Eliza Fraser’s survival and rescue after being ship-wrecked on the island that carries her husband’s name are well-documented. The historical record shows that the Petries met Eliza and her husband Captain James Fraser on the Stirling Castle on the way to Australia from Scotland in 1831. In Turrwan I recount that Mary Petrie and Eliza became friends on the long voyage to Sydney. What follows is a section I cut from the book as it was getting too far away from the main storyline. Tom Petrie is with his mother Mary saying goodbye to the Frasers as they set out on their ill-fated voyage.
Eliza Fraser would also lose a baby, and more, several years after our arrival in Sydney. On a bright sunny day in 1836 I went to the wharf with Mother to say goodbye to the Frasers, who were sailing with the tide on the Stirling Castle, the same boat that had brought us from Scotland. In the midst of the bustle, Mother embraced Eliza awkwardly, the girl’s huge belly getting in the way. The tears flowed freely as the two women parted.
“Now you take care of yourself and the little one, you hear?” Mother ordered between sobs.
“You’re a born worrier, Mary. Everything will be just fine, you’ll see,” said Eliza, trying to lighten her departure. But everything would not be fine.
Eliza’s husband James stood beside her. Some twenty years her senior, he was in poor health and looked like an old man. He was extremely thin and wiry; Mother wondered how he wasn’t blown away when he was on deck. His dark mahogany face wore the signs of an unknown disease he had caught on one of his voyages to the southern seas. How he managed to run the ship was another mystery to Mother until she knew the man better. Fraser had a will of steel and had learned to live with the aches, pains and limitations of his malady. He still had his sea legs though and they carried him on his daily rounds of the ship. His second in command was a competent mariner and could be trusted to keep the ship in good order and on course.
James tried to spend as much time as he could spare with his beautiful young wife, still surprised that she had chosen to marry him when she had the pick of some of the most eligible bachelors in the land. Mother had asked herself the same question when she was introduced to Eliza at the Captain’s table on the Stirling Castle.
Eliza detached herself from Mary and waddled up the gangplank on the arm of her spouse, who ordered the crew to cast off as soon as his feet hit the deck; the tide would not wait. Mother wrung her hands on the dock, unable to shrug off the sense of uneasiness she felt about this trip. The boat drifted with the current, men scurrying aloft in the rigging, the sails unfurling with a flap in the light breeze. Eliza gave a last wave to the blurry figures on the wharf and turned to see the ship thrusting towards the Heads and the open sea.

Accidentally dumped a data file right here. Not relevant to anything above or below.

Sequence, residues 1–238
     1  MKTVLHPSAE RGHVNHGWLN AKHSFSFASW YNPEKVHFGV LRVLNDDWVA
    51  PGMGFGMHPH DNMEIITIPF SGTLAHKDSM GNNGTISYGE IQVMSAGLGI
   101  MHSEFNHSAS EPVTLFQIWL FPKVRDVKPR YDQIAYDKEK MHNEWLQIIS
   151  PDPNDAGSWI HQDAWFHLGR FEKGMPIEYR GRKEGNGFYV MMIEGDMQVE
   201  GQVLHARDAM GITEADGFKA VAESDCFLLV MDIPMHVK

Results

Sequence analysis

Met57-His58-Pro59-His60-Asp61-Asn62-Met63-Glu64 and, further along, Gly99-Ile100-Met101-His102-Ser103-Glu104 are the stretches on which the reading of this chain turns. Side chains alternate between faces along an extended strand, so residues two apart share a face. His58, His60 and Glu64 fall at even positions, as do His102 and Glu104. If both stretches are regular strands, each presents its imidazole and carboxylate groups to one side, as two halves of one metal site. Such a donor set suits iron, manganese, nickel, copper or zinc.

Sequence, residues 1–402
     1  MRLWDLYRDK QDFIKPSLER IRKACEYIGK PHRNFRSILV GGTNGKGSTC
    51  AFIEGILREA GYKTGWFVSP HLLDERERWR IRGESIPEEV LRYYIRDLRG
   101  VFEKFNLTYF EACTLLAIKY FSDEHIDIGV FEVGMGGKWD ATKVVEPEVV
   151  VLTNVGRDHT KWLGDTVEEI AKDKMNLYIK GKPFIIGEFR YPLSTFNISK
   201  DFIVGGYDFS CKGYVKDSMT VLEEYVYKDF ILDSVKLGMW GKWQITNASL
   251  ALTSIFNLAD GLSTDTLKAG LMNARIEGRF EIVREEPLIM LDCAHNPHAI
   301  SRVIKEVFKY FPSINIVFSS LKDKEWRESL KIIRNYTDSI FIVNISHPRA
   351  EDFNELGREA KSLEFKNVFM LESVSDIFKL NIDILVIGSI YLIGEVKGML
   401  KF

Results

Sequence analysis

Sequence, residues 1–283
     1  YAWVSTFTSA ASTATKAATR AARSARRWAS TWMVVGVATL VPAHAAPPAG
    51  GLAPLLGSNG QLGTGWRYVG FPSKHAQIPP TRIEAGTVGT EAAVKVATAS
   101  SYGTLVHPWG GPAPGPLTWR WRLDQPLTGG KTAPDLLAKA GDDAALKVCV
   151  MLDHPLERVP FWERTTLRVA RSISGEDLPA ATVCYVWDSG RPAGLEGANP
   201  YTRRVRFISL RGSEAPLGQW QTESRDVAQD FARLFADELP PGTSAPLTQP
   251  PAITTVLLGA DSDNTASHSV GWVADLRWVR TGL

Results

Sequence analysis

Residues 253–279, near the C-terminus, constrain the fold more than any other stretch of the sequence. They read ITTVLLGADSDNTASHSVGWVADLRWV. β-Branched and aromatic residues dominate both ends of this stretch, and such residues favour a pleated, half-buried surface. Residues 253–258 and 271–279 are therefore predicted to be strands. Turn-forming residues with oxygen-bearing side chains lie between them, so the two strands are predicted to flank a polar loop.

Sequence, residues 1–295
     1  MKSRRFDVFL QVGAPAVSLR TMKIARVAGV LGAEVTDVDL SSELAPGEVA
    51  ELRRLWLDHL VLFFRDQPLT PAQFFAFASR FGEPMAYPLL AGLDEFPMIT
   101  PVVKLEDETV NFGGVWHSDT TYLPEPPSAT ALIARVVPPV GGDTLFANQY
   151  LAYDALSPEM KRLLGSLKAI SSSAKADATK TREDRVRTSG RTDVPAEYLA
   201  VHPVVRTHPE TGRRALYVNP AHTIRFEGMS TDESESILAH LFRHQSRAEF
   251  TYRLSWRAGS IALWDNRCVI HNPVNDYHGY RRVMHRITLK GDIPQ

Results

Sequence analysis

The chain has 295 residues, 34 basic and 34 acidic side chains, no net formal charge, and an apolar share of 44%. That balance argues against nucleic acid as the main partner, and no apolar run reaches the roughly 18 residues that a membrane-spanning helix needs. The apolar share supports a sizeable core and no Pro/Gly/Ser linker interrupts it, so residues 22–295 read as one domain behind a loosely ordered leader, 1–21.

Mother heard the full story of what happened next from Eliza when she eventually returned to Sydney. On their way north they called in at Dunwich on Stradbroke Island to offload some supplies for the settlement at Brisbane. A few days after leaving Moreton Bay, the Stirling Castle ran into a storm. Eliza was propped in her bunk, surrounded by cushions as the ship heaved and slewed, at times falling through the air to slam with a terrific thud on the surface of the ocean. Eliza thought they would all drown, but the sturdy boat managed to rise again on the next wave. Fixed to the foot of the bed was a bucket that Eliza had used until there was nothing left to bring up, her retching upsetting her baby, who pommelled her insides in protest.
Captain Fraser was also bedridden, assailed by an excruciating headache, when he felt the sickening crunch of the hull against the unforgiving jagged reef. He leapt to his feet, the pain forgotten as he donned his vest and struggled to his wife’s side. Eliza’s eyes were wide with terror as James made a feeble attempt to reassure her that the ship was solid. Then he cried “I have to go aloft,” and staggered out of the cabin.
“There was nuthin’ I could do Cap’n,” the mate bewailed when Fraser joined him at the wheel. “The bloody wind is too strong and has blown us way off course,” he went on, assuming no blame for their dire situation.
With an unearthly wrenching sound, the mainmast snapped and plunged into the sea, dragging the ship dangerously low in the water. The pounding waves would soon make mincemeat of their craft which was firmly wedged on the reef, Fraser decided.
“Ready the lifeboats, man. And get the crew on deck. Be quick about it, we don’t have much time.”
With the aid of a sailor, Fraser managed to manoeuvre his badly afflicted wife into one of the longboats where she cowered between the seats in a grey huddle as the rain lashed her face. Against the odds, most of the crew got off the doomed ship. As the storm abated, they set sail towards the south.
The first contractions shook Eliza when the lifeboat hit the water and bobbed like a cork in the tempest. In the small flimsy craft, Eliza gave birth surrounded by her husband and his crew. Her cries of pain were lost in the sea, the men silent and afraid, haunted by their own terrors, which the obvious distress of the woman heightened even further. They were all relieved when the child was finally born, the captain bravely adopting the role of midwife. Eliza was exhausted by the labour and the stress of the wreck. Her milk dried up and the poor baby died in its second day. The tiny body was wrapped in a cloth and confined to the deep.
Eliza was delirious when they came ashore on a long wide beach fringed with thick lush vegetation. The island on which they had landed would later be named after her husband who was either killed by the blacks or died naturally, no one seems to know. Eliza spent several months with the aboriginals before she was rescued and brought back to civilisation.